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Parents evaluate school, SWAT response at Glen Allen High School lockdown

HENRICO, Va. (WTVR)–Parents in Henrico County say they are very pleased with the response from the Henrico Police Department and Henrico County Schools to a report of a possible gunman on campus.

Many received word from their children inside Glen Allen High School that the school was on lockdown.

Lt. Linda Toney with the Henrico Police Department said when a possible gun on campus call comes in, it is all hands on deck.

“Any possibility that our students or our faculty are going to be at risk, we’re going to have a response that you saw today,” Toney said.

Cheryl Corbin even received a picture message from her son showing two SWAT team members inside the school.

One of them was standing outside his classroom holding a gun.

PHOTO VIA Brett Corbin

PHOTO VIA Brett Corbin

“I thought, oh my gosh, is that really a man with a gun?” Corbin said.

Sal Midulla said he saw the picture too, and his mind immediately raced to the worst possible scenario.

“You don’t know what he’s pointing at or what’s going on there,” Midulla said.

Education expert Bill Bosher, who worked as a school superintendent for several years in Chesterfield and Henrico, said photos can make a situation look scarier than it actually is.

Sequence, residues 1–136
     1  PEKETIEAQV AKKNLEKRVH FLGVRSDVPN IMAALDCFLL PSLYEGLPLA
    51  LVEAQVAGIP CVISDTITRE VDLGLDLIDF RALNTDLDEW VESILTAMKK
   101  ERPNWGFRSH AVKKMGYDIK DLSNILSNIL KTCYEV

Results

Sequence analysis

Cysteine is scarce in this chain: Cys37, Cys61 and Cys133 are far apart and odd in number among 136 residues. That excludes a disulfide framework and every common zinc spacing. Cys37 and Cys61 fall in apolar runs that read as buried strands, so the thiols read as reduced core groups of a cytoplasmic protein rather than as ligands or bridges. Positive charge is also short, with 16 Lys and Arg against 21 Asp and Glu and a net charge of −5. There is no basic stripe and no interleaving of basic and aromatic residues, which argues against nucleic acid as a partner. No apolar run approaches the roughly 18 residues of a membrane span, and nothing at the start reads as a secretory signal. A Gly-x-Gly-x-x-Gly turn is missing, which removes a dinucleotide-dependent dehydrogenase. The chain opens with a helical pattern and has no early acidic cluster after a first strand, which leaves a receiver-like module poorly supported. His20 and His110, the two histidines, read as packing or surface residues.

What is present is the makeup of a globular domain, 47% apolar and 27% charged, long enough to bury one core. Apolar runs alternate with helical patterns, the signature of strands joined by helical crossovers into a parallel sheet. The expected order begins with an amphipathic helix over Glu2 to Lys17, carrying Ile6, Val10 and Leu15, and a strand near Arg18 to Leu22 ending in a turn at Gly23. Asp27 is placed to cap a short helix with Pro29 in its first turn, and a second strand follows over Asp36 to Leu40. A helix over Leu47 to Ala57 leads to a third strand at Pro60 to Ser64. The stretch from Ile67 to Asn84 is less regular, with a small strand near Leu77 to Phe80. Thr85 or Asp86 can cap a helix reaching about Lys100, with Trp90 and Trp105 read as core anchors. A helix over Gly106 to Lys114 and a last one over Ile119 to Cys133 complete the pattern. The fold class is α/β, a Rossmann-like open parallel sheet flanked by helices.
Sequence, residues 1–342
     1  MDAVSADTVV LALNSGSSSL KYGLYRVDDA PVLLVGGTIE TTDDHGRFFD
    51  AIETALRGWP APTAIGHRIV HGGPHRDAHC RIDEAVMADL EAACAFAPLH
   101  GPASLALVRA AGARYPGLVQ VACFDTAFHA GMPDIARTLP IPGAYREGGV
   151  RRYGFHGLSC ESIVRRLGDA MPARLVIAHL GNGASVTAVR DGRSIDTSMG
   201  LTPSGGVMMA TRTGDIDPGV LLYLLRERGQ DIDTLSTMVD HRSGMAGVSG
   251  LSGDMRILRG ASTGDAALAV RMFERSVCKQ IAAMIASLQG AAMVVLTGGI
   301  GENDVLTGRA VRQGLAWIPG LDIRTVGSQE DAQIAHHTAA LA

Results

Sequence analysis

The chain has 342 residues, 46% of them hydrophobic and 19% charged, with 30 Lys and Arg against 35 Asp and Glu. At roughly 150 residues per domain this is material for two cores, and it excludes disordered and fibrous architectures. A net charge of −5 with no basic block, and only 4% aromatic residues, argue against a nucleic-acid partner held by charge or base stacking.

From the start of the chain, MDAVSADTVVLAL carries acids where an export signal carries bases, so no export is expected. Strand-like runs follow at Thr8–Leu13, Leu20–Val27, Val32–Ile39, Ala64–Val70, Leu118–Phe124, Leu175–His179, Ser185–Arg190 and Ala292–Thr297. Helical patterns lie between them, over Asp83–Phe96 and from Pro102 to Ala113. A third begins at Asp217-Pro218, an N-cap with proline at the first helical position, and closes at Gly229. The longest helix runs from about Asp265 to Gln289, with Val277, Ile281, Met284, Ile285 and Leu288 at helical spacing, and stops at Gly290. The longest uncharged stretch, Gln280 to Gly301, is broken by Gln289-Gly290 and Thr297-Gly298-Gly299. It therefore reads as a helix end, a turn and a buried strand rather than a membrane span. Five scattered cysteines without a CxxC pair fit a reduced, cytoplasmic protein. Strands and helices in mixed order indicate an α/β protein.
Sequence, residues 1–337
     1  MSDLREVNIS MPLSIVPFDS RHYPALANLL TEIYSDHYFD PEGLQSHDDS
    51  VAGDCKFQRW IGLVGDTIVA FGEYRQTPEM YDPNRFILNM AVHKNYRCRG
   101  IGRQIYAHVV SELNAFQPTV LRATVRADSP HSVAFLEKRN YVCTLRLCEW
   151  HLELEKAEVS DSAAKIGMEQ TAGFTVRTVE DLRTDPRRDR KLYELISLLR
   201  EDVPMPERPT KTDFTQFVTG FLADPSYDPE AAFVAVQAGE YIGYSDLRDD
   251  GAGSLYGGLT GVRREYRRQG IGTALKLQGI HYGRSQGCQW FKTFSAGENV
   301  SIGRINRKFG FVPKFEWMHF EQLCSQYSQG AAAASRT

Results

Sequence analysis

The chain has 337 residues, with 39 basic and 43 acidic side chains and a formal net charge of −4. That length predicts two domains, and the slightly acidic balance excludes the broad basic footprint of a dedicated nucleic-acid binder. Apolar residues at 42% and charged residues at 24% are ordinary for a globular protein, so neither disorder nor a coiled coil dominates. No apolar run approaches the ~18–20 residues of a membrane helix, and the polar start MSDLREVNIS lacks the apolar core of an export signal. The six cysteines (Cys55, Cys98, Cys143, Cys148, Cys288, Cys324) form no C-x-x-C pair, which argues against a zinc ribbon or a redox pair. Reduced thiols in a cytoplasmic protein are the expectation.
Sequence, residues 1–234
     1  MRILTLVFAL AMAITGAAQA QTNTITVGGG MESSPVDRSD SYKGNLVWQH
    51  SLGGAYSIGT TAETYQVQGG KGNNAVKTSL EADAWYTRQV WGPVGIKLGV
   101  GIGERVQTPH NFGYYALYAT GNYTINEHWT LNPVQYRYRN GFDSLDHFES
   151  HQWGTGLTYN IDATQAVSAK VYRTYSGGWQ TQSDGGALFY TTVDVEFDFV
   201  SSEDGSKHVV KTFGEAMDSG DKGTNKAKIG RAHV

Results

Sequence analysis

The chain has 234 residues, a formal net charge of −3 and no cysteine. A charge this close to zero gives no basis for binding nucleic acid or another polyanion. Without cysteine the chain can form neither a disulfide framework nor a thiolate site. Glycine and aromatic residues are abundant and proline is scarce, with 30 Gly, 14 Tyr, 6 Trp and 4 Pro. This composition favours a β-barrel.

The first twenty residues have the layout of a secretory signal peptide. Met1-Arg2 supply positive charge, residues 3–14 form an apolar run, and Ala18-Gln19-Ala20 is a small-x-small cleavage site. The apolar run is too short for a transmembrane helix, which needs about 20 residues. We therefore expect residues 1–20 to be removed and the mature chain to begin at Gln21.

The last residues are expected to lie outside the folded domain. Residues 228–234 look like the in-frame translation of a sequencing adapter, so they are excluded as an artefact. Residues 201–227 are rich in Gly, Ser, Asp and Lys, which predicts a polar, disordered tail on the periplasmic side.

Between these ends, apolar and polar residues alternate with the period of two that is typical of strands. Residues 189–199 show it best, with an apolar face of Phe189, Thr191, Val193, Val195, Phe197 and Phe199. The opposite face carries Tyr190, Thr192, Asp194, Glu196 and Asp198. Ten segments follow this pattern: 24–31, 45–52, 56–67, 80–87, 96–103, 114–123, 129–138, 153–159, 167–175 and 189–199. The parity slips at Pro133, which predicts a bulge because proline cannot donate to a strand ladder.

“You don’t hear voices of police officers calming young people…you don’t hear officers telling them what they’re doing,” Bosher said.

Still, parents said while the images were scary, they were very happy with the county’s response to the situation.

“I was very proud of Henrico County. I think they did exactly what they should have done,” Corbin said.

“They are to be commended…they did a great job,” Midulla said.

Henrico County Schools spokesperson Andy Jenks said the school system is pleased with how they handled the situation, especially, its communication efforts.

“We notified parents several times today when the situation was just beginning, as well as when new reliable information came along we passed that along as well,” Jenks said.

Bosher said it’s always  better for a school system to be safe rather than sorry.

“At the end of the day when young people are safe and staff members are safe it was never an overreaction to do the things that the police department needed to do to make sure that was true,” Bosher said.

Jenks said school officials will continue to evaluate Tuesday’s events as the school system is always interested in continuous improvement.